Following up on yesterday’s post on the strip-searches-in-the-schools case before the Supreme Court, I have to admit I’m shocked at just how much power schools have. I spent virtually all of the 1990s overseas, so I guess I’m still playing catch-up.
The transcript for the oral arguments in Safford Unified School District v. Redding (.pdf – thanks, Mark!) hints at how looney this power can be in action. The school district treated all “contraband” the same – ibuprofen, heroin, plastic explosives, and permanent marker pens!
JUSTICE SCALIA: Any contraband, like the black marker pencil that — that astounded me. That was contraband in that school, wasn’t it, a black marker pencil?
MR. WRIGHT [attorney for the school district]: Well, for sniffing.
JUSTICE SCALIA: Oh, is that what they do?
MR. WRIGHT: It’s a permanent marker.
JUSTICE SCALIA: They sniff them?
MR. WRIGHT: Well, that’s the — I mean, I’m a school lawyer. That’s what kids do, Your Honor, unfortunately, Your Honor. But –
JUSTICE SCALIA: Really?
No, I don’t want my kids sniffing marker “pencils” either, but I haven’t banned Sharpies from my house, either. However, my otherwise perfectly sensible school has removed plastic knives from the lunchroom. I have no clue why; the kids haven’t heard any lore about vicious plastic knife fights. Maybe there’s a state law?? My kindergartner is not permitted to wear the hood up on what he calls his “hoodie-hood.” What good is a hoodie-hood if you can’t use the hood? It’s as though our district has forgotten that we’re a comfy little low-crime college town in the Appalachians and is hallucinating that we’re located, well, in the ‘hood.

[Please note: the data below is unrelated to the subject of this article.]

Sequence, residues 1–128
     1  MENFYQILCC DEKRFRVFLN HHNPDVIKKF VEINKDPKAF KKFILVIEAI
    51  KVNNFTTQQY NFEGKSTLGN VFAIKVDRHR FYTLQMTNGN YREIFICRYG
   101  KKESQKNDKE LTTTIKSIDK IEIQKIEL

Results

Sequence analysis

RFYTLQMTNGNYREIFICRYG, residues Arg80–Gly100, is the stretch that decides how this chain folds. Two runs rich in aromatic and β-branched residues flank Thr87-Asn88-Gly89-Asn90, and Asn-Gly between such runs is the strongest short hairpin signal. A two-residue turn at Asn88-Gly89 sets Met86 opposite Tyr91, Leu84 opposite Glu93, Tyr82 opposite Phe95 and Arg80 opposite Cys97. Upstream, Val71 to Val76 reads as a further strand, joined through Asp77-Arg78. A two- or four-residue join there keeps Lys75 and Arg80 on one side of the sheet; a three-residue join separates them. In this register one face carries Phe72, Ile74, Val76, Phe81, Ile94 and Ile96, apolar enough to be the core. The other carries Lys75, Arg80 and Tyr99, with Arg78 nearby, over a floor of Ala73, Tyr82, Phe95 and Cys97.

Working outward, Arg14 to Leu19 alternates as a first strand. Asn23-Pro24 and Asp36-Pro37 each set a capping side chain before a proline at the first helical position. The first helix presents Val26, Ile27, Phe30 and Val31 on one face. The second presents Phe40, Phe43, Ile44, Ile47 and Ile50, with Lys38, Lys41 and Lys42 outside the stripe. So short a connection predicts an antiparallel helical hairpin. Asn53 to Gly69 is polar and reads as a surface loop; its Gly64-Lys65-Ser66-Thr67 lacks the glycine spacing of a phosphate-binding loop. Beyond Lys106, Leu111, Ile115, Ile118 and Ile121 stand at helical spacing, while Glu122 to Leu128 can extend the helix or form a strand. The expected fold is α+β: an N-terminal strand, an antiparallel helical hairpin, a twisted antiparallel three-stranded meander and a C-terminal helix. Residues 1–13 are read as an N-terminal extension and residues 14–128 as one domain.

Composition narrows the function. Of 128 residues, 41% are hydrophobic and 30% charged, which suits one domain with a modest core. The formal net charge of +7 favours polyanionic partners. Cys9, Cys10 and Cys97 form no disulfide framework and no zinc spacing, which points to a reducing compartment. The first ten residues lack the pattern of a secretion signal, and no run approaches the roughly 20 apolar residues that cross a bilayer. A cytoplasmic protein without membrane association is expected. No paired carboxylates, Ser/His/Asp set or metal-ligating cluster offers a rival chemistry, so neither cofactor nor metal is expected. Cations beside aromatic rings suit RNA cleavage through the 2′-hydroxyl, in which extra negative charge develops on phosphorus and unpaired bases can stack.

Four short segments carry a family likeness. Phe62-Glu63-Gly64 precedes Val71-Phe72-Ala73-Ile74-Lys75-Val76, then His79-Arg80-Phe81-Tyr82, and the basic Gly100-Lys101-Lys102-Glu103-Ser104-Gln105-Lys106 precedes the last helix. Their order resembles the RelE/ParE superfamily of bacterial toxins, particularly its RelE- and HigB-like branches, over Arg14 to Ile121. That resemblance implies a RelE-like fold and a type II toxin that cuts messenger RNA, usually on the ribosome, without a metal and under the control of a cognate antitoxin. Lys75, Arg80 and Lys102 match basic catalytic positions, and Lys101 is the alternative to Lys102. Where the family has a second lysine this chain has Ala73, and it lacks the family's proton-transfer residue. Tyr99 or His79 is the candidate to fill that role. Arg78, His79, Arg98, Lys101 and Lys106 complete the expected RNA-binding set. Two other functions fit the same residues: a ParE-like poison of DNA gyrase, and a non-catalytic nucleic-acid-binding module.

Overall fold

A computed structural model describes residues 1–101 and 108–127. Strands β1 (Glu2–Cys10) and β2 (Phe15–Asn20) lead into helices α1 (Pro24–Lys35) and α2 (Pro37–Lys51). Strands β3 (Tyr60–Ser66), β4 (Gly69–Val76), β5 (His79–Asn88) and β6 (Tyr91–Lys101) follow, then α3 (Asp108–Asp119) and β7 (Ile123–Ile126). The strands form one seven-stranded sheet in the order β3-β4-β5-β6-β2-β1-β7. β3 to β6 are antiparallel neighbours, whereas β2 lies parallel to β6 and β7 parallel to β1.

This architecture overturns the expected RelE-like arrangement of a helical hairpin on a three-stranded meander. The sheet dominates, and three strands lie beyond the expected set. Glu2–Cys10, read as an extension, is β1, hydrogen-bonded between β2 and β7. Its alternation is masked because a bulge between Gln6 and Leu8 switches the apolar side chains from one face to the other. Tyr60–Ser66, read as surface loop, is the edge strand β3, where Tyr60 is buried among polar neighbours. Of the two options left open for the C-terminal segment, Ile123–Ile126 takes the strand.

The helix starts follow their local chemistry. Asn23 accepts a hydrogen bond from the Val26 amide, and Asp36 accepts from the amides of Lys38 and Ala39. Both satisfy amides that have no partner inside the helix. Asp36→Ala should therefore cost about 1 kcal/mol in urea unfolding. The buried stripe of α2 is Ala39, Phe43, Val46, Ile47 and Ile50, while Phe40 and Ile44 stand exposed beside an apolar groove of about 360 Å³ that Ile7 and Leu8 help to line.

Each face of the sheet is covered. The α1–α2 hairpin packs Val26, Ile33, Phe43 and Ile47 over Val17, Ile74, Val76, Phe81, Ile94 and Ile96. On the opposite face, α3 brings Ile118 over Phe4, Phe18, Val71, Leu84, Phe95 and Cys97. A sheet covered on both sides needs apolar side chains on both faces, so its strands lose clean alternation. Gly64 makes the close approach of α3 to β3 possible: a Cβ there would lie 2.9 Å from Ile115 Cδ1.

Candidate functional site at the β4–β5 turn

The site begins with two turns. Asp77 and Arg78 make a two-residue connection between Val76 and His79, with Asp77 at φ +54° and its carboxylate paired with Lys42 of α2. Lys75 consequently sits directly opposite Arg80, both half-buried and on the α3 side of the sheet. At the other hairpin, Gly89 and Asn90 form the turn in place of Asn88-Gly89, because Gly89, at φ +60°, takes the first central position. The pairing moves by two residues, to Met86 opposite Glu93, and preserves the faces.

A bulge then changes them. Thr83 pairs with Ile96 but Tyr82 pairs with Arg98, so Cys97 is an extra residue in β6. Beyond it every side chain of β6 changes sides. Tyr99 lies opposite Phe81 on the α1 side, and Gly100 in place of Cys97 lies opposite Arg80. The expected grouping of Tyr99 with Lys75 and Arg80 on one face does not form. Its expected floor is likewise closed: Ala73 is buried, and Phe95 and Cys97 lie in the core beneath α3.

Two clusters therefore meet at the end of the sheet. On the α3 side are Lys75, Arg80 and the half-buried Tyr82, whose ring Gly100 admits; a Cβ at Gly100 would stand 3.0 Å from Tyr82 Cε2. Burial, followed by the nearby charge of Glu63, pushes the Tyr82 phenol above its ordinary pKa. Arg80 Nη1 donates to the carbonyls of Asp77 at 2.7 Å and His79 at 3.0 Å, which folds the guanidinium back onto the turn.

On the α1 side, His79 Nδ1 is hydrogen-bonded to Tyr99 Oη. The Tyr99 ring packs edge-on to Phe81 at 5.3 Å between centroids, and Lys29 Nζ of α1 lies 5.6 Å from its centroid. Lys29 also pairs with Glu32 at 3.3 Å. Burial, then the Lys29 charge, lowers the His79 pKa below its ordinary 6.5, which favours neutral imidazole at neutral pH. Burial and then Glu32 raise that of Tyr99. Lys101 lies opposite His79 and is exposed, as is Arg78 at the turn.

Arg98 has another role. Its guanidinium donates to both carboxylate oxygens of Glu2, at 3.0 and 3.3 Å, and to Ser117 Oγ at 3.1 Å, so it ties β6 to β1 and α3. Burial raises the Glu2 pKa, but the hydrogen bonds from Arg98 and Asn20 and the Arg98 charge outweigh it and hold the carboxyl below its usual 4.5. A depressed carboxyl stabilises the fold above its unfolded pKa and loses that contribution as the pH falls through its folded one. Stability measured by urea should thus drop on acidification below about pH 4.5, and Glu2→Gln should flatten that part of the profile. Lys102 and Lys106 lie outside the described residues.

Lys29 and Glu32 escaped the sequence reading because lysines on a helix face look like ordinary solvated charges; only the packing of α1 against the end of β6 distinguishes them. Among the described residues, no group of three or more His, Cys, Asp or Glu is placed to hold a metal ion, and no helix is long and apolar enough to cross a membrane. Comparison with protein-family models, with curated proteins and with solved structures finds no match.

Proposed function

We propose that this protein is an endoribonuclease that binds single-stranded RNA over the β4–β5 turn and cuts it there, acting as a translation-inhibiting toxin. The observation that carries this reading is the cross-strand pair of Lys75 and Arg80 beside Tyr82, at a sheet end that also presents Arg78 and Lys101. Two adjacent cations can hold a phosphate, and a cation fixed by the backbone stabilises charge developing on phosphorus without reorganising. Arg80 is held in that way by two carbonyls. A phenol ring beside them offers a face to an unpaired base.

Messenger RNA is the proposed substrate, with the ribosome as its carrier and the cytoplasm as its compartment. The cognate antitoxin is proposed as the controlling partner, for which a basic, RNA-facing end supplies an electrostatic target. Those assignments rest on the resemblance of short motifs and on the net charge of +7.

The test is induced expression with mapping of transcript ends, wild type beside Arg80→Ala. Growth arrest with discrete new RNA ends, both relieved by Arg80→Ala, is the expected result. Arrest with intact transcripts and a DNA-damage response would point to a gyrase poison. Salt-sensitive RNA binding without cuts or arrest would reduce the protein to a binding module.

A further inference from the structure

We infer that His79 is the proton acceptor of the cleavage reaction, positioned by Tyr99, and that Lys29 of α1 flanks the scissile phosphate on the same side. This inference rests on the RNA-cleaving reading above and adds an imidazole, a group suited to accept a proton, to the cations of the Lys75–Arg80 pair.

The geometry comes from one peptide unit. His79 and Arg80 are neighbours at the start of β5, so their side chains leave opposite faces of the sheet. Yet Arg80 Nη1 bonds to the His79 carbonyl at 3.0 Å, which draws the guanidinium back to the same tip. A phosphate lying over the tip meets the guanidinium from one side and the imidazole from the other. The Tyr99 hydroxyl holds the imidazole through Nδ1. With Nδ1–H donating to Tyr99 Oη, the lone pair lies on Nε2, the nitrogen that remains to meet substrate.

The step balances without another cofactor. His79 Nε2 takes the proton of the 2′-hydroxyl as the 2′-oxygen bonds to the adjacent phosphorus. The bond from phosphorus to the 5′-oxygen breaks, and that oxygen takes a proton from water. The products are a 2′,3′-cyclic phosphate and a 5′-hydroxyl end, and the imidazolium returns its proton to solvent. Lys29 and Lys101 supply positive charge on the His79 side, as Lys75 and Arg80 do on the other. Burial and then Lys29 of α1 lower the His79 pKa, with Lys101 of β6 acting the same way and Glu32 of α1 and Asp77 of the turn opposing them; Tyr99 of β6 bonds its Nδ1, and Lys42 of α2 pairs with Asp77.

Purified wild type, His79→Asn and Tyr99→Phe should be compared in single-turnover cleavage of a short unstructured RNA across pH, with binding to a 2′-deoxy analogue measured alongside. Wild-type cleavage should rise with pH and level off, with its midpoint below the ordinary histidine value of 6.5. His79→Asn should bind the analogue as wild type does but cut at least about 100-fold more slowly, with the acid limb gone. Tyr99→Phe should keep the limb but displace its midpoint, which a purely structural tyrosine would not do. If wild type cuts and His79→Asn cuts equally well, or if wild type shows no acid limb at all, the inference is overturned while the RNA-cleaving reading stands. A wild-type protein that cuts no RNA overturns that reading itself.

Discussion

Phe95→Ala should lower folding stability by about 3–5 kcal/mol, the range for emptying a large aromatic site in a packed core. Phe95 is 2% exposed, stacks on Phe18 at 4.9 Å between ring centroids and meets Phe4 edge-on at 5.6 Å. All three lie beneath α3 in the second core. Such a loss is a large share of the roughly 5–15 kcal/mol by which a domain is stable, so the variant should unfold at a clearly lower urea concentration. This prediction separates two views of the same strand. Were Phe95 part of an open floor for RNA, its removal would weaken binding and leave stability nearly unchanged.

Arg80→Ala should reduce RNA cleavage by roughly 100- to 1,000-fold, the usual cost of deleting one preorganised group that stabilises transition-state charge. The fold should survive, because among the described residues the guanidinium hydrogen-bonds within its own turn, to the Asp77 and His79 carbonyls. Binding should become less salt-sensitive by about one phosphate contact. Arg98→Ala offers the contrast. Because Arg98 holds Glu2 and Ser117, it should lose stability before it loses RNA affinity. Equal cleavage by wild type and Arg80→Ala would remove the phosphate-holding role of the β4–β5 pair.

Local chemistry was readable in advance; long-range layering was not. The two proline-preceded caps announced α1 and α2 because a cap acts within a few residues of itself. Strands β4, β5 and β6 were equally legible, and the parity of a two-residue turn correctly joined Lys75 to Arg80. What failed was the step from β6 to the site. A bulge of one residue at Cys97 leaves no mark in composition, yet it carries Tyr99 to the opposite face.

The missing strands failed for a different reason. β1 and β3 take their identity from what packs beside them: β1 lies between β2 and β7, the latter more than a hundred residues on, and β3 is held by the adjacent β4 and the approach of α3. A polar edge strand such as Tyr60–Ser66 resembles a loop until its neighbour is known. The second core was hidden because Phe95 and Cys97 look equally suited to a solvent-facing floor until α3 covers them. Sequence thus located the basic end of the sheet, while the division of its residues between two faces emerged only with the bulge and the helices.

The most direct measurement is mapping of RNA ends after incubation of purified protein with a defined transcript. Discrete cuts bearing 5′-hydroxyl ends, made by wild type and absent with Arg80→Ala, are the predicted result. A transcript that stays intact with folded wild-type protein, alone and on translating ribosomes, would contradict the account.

Schools do a lot of silly shit. The reason they fail to use even the rudiments of common sense? Well, the oral arguments in the Redding case point to the root of the problem. The justices keep mentioning “T.L.O.” As any non-legal scholar with access to Google can tell you, New Jersey v. T.L.O. was a landmark case in the 1980s in which the court ruled that it was constitutional to search a student’s purse after she was busted smoking tobacco in the girls’ bathroom. She turned out to be carrying weed. The girl, the eponymous T.L.O. (I keep wanting to write J Lo), sued on the basis of her Fourth Amendment Rights. However, the court found against her, saying she had not been subjected to unreasonable search and seizure because different standards apply to schools than to the police.
In short, schools need only demonstrate “reasonable suspicion,” which is weaker than the “probable cause” standard that law enforcement officers must follow. Dahlia Lithwick sums up T.L.O. thusly:
In New Jersey v. T.L.O., a 1985 case involving high-schoolers with pot in their purses, the Supreme Court determined that for a student search to be permissible under the Fourth Amendment there must be “reasonable grounds for suspecting that the search will turn up evidence that the student has violated or is violating either the law or the rules of the school” and that the search cannot be “excessively intrusive in light of the age and sex of the student and the nature of the infraction.”
The crux of Redding’s case, then – and the similar cases in Ohio – boils down to the question of what’s reasonable? What is a reasonable suspicion? What constitutes an excessively intrusive response? Redding’s district seemed to think any suspicion – no matter how thin – was reasonable, and any response – no matter how traumatizing – was permissible.